Kathy Jacobs posted a very informative list of 10 tips for OneNote organization to the Microsoft MVP (Most Valuable Professional) Award Program Blog. Here is her list of the 10 tips.

1. Create the notebooks you need as well as the ones you think you might need.
2. Create your notebooks where you are most likely to need them.
3. Set your default notebook location in OneNote to the network folder where you store your notebooks.
4. Organize your notes the way you think.
5. Move your note pages to where they belong.
6. Tag your notes intelligently.
7. Organize your tags.
8. Remember that even if you can't find a note, OneNote can.
9. Title your pages for future reference.
10. Link your notes. To each other. To other documents. To the web.

Do you want to read the entire blog post? Check it out here

Do you have some other helpful tips for using OneNote for organization? Leave a comment below and share your expertise.

Wednesday, December 08, 2010

Web 2.0 Wednesday! Universal Subtitles

With on line video clips playing such an important role in education, work and home - we need to make the best effort to ensure that our videos are accessible to all users. Not all on-line videos are captioned. Well..try Universal Subtitles and make all your videos accessible!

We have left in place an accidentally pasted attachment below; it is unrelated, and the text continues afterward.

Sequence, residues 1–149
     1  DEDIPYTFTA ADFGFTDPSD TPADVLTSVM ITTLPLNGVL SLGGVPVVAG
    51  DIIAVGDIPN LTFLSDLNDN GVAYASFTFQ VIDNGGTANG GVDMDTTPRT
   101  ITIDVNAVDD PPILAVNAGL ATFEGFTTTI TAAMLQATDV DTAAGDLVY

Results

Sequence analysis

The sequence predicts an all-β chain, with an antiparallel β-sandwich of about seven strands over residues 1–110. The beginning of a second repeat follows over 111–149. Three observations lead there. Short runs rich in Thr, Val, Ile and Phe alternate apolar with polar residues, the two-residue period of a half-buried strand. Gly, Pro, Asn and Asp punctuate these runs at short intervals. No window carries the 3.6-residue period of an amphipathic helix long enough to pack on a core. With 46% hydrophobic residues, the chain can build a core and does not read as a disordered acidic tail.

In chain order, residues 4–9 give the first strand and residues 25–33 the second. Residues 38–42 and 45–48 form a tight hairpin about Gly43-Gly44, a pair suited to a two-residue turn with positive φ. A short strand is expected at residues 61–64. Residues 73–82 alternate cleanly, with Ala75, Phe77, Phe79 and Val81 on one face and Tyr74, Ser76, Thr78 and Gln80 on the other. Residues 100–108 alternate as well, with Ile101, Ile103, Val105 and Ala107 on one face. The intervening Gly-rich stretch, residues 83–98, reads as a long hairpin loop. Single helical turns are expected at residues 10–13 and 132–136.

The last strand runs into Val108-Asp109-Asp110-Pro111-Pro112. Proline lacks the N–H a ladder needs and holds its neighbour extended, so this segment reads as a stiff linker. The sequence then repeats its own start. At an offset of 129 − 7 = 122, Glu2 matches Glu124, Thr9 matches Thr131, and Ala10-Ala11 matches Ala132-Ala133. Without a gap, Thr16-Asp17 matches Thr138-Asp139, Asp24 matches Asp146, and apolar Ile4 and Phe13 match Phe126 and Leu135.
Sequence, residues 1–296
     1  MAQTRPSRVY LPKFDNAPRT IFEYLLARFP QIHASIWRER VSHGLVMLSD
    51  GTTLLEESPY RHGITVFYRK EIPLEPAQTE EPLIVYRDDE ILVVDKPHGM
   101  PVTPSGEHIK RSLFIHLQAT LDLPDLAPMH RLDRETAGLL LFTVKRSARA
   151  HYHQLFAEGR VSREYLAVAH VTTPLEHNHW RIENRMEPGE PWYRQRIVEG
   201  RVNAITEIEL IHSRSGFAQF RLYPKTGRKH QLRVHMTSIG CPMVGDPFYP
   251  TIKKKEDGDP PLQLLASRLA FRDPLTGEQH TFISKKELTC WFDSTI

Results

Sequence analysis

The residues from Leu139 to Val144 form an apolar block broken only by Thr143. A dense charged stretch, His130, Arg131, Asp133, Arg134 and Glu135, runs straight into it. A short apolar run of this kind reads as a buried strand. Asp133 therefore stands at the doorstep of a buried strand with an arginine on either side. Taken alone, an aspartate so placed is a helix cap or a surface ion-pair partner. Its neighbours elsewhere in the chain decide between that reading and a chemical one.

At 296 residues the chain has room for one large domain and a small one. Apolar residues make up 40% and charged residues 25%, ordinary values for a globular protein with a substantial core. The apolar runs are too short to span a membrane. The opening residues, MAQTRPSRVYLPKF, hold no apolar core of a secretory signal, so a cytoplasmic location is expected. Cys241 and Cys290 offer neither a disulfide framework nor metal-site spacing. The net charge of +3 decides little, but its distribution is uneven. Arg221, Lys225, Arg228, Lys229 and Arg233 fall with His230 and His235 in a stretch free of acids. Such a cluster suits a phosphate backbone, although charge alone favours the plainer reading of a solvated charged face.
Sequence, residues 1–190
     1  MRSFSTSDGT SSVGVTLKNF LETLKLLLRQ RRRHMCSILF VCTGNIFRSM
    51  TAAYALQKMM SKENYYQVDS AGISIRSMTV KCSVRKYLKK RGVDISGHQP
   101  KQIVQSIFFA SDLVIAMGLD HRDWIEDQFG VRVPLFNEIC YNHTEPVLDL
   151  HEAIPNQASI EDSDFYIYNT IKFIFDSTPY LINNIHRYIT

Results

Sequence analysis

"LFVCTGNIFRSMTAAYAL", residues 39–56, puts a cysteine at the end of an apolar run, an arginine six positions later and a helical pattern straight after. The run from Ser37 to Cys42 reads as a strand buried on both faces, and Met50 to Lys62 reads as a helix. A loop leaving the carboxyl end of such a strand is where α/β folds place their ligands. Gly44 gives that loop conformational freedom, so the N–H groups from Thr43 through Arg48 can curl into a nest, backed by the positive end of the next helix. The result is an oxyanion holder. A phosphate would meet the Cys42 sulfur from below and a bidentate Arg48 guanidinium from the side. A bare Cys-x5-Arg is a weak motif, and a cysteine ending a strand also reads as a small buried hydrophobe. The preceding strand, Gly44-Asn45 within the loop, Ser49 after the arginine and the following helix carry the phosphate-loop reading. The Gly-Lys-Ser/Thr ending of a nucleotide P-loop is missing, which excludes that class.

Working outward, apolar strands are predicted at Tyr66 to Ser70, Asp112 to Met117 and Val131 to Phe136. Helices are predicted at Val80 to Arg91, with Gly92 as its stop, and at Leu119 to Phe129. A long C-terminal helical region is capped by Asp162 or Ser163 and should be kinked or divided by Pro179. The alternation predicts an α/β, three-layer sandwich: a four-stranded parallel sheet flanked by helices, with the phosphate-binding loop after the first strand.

There is no software to download. Simply type in the URL for the video and then follow the steps to caption / subtitle the clip. Once you are finished, viewers can select to show the captions and even have the ability to see different languages!

Want to see an example? Check out this subtitled version of the video clip for the Dave Matthews Band song "Ants Marching" from the company website.

Tuesday, December 07, 2010

A Place to Read, Write, Connect

Looking for an exciting way to get kids (over 13) interested in books and writing?  The brand spankin’ new website Figment launched this week and it offers young writers and readers a community where they can express themselves, share ideas and discover what’s new on the literary front.

Figment features exclusive excerpts from new books, interviews with authors, contests and blogs (one from the Book Muncher).  The site, which was founded by a staff writer and former managing editor from The New Yorker, has a very youthful feel to it. The FAQ and Guidelines for participation are written in a way most teens would understand.

Check it out. It’s free to join.

Friday, December 03, 2010

TLC Spotlight - Go Talk Boards